This Weekend: Closing events for the 2014 Rabbit Island Residency Exhibition

Friday, September 26, 2pm
Reading by Elvia Wilk
DeVos Art Museum

Sunday, September 28
3pm: Great Lakes Rooms at the University Center
Panel discussion with the artists & residency co-founders Robert Gorski & Andrew Ranville

Sunday, September 28
5-7pm: Closing Reception
DeVos Art Museum

All events are free and open to the public. 

The Rabbit Island Residency unofficially launched in 2010. In 2013, 115 applications were received for our first official residency program, representing broad disciplines from the United States, Australia, South Africa, South America and Europe. This exhibition highlights the work of six artists and writers who spent 1-4 weeks on the island between June and July, 2014.
The work displayed is a mix of projects completed before the artists’ time on Rabbit Island as well as work made during or immediately after the residency. Some of the work is presented in-progress as the artists begin to reflect on their experiences.
Elvia Wilk is a writer based in Berlin, Germany. Her work explores themes of isolation, connection and the relationship between physical and virtual space through essays and poems. The written pieces in the exhibition were designed in collaboration with designer Edwin Carter.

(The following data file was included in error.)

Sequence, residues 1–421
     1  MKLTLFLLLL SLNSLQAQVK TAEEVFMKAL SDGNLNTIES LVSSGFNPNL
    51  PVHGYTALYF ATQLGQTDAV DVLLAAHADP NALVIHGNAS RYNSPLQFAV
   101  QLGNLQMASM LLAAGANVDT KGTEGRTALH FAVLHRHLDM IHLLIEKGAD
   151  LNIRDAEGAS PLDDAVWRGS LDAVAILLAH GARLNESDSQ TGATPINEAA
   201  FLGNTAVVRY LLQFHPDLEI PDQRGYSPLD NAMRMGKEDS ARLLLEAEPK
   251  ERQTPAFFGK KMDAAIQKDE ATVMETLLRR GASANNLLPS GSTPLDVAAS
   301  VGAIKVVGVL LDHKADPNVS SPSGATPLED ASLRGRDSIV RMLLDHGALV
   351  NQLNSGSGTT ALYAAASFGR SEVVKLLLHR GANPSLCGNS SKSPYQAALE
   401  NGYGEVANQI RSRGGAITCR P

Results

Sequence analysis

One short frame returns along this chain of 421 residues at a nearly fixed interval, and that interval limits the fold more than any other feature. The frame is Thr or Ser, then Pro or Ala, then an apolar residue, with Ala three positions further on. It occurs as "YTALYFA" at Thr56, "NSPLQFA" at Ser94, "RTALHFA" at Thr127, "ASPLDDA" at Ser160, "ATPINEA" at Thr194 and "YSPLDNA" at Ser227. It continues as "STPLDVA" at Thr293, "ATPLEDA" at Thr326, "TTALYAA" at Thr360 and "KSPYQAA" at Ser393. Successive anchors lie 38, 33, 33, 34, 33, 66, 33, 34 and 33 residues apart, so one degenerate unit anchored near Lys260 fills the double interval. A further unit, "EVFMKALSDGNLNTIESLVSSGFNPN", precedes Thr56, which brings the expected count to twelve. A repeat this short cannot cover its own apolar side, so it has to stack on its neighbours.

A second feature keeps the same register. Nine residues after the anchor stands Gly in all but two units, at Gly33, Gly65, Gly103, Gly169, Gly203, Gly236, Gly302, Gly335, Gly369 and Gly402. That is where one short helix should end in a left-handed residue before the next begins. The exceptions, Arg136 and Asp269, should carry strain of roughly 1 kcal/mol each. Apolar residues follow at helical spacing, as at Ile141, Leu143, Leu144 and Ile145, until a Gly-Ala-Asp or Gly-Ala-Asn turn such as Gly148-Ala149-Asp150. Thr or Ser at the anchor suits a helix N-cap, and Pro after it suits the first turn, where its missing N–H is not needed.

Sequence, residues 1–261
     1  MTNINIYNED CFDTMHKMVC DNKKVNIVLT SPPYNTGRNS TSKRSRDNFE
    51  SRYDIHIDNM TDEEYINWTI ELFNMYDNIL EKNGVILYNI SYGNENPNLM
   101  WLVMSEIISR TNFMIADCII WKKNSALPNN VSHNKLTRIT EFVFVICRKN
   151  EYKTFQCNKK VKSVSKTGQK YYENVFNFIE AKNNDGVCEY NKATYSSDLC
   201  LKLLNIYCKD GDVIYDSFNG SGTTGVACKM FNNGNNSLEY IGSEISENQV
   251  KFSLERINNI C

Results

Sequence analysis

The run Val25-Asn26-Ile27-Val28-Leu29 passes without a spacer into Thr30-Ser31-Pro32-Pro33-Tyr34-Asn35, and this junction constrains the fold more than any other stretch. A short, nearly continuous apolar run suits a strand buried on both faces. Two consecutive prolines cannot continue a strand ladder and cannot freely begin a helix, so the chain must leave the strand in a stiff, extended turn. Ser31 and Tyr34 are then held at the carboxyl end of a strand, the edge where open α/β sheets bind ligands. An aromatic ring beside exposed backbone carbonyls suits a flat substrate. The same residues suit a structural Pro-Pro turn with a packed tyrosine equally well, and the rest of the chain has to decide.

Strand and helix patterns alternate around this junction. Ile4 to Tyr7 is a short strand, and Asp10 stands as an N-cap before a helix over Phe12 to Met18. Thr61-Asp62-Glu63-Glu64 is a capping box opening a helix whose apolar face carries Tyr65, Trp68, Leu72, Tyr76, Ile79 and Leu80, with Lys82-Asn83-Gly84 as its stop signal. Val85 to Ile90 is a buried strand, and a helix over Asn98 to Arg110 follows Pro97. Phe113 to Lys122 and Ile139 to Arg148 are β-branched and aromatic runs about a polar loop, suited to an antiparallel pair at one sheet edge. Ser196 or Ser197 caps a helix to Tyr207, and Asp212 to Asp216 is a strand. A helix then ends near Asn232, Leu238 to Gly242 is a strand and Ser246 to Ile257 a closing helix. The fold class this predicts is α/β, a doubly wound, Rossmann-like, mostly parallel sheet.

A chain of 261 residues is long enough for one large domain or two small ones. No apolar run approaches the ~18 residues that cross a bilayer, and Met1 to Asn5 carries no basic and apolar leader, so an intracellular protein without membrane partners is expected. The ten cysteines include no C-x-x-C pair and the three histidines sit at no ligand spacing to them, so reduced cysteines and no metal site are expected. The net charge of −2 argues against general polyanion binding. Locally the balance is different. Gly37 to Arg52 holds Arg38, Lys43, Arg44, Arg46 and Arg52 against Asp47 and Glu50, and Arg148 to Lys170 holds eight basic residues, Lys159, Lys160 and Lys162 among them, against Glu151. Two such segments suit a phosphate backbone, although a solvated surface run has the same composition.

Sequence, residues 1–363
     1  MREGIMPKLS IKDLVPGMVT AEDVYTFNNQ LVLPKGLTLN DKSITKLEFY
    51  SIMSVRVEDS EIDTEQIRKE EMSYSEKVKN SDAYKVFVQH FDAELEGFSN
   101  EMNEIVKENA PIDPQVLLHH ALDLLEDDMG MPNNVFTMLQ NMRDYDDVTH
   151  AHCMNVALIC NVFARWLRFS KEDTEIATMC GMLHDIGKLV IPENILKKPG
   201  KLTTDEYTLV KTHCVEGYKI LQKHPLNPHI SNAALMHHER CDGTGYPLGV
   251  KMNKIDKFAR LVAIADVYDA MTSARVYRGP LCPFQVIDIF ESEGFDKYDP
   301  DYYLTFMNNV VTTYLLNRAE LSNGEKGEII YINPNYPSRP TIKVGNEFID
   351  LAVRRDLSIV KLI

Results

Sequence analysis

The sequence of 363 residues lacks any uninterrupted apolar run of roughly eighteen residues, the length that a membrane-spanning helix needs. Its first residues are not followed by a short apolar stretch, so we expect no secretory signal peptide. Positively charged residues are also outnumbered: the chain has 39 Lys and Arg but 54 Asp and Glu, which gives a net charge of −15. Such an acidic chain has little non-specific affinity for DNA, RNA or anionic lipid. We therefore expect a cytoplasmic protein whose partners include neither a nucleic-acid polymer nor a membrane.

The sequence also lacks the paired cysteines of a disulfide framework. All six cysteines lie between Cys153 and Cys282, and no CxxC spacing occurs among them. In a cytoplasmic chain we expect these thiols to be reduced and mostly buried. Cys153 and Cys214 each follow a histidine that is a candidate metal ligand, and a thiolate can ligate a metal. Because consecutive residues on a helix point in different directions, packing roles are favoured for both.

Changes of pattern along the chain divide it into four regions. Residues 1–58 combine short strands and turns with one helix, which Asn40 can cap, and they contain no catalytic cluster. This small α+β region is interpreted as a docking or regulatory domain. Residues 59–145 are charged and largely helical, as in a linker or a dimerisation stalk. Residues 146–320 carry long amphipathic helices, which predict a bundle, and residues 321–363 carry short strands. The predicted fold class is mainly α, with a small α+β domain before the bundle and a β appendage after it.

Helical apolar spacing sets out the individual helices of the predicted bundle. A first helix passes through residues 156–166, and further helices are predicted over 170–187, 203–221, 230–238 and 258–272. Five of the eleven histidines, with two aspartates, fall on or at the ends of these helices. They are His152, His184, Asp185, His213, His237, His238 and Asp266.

Nich Hance McElroy is a photographer based in Vancouver, British Columbia. During his time in residency he focused on documenting the movements and migrations of people, nature and objects on and between the mainland and island. He also worked in the adjoining Rabbit Bay and on the Keweenaw Peninsula.
Waboozaki consists of four inter-disciplinary artists, writers and curators: Dylan Miner (East Lansing, Michigan), Julie Nagam (Toronto, Ontario, Canada), Nicholas Brown (Iowa City, Iowa), and Suzanne Morrissette (Toronto, Ontario, Canada). During their residency the artists spent time working on individual projects as well as collectively remapping the island from indigenous perspectives.
A full color, fully illustrated catalogue will be released at the reception.

This exhibition is supported in part by an award from the Michigan Council for the Arts and Cultural Affairs and the National Endowment for the Arts. Support also provided by the NMU Department of English, NMU Center for Native American Studies, the NMU UNITED Conference, the Canada Arts Council for the Arts and Ontario Arts Council. Special thanks to Sweet Deliverance